which, by the year A.D. 1500, caused an error in our reckoning of no less than ten days. Accordingly, Pope Gregory XIII. ordered that these ten days should be added, and that for the future, instead of allowing with the Julian Calendar 100 leap years in 400 years, three out of these years
should be reckoned as common years, and the leap years in the 400 limited to 97. The Russians have not yet adopted the improved Gregorian Calendar, and are therefore, in their reckoning of time, about twelve days behind us. The animal worship of the Egyptian is also well worthy of notice. They venerated a bird called the ibis, which resembled the stork; also the cat and the
B. c. crocodile, and especially a curiously marked breed
of oxen called apis. These they embalmed after death with all the care of the bodies of human creatures. Of the earliest events in the history of the Egyptians we know but little, because the Egyptians kept themselves quite distinct from all other nations. It was not till 700 B.C. that they allowed the Grecians to land and to take their abode and traffic amongst them. Psammeticus was the first Egyptian monarch that admitted them, and with their assistance he conquered the other eleven kings with whom he had previously been on friendly terms, and whom he had joined in constructing the extensive labyrinth leading to the royal sepulchres.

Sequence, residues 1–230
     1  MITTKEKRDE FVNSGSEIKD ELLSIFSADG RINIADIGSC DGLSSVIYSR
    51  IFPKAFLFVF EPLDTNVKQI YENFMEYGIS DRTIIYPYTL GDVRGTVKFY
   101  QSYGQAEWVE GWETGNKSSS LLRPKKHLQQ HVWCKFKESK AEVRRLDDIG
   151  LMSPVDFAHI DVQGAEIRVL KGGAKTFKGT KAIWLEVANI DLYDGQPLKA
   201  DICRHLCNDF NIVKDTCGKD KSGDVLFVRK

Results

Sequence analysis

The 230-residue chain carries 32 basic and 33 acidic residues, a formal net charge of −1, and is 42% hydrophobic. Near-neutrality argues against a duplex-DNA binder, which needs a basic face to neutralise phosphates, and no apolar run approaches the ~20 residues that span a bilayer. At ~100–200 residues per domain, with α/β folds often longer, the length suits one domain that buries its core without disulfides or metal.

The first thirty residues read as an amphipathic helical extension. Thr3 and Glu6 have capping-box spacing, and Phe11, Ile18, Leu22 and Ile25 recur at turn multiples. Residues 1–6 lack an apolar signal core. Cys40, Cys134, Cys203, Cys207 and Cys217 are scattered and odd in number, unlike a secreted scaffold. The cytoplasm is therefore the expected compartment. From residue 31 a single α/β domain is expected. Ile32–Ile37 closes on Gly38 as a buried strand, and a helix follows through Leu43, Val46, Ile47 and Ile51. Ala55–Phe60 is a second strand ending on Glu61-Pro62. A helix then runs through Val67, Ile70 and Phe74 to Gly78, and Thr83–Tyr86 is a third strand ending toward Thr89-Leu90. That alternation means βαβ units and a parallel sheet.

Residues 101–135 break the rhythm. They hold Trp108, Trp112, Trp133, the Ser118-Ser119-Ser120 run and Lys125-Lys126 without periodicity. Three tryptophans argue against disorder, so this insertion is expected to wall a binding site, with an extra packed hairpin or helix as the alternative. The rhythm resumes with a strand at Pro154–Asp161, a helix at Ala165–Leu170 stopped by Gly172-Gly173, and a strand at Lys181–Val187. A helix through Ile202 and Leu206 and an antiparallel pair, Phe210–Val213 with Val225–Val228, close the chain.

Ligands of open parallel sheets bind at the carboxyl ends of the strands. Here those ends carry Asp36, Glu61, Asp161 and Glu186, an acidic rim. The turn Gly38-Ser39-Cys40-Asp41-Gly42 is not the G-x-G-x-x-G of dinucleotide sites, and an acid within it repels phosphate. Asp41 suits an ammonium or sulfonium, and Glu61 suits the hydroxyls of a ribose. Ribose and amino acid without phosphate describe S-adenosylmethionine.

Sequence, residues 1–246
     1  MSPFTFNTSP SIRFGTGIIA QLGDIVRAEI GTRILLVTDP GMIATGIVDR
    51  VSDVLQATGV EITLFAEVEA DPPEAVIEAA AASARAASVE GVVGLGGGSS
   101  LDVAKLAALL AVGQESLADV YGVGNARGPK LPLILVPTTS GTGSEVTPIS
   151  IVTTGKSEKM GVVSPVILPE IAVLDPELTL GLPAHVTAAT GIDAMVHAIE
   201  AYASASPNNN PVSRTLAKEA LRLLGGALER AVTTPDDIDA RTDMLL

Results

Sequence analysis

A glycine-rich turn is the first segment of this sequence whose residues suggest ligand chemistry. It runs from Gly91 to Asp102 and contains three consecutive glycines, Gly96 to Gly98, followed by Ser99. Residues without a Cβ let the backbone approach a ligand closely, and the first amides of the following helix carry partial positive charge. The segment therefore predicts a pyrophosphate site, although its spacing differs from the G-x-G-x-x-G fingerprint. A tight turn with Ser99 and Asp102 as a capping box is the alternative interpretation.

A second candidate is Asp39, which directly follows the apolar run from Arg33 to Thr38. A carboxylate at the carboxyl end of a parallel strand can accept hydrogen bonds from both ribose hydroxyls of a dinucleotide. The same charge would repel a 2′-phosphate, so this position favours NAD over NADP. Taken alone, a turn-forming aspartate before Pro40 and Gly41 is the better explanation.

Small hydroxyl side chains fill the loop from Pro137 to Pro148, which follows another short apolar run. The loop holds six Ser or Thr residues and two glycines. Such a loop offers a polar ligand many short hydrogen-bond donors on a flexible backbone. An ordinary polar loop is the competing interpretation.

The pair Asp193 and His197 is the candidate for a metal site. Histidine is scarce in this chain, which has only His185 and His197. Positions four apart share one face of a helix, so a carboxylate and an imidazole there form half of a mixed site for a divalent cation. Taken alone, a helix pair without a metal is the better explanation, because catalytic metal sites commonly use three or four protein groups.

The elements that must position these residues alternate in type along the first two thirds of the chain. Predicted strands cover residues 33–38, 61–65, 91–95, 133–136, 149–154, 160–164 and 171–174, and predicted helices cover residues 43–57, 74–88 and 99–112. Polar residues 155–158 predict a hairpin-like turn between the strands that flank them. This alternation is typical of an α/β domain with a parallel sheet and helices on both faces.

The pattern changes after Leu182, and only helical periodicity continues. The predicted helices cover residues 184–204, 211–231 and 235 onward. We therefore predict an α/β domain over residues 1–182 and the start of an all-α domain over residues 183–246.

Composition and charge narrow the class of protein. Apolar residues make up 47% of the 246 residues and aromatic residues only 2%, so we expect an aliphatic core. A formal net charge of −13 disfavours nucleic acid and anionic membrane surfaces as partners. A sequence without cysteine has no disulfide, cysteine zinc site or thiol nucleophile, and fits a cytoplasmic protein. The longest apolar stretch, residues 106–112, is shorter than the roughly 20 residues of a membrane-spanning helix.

ABRAHAM-JOSEPH — THE ISRAELITES IN
B. C. ABRAHAM, whom the Jews call the father of
their race, while following the occupation of a herdsman, crossed from the further side of the Euphrates to the side toward the land of Canaan. The student of Scripture will remember how a grievous famine compelled him to go to Egypt, from which land he returned with considerable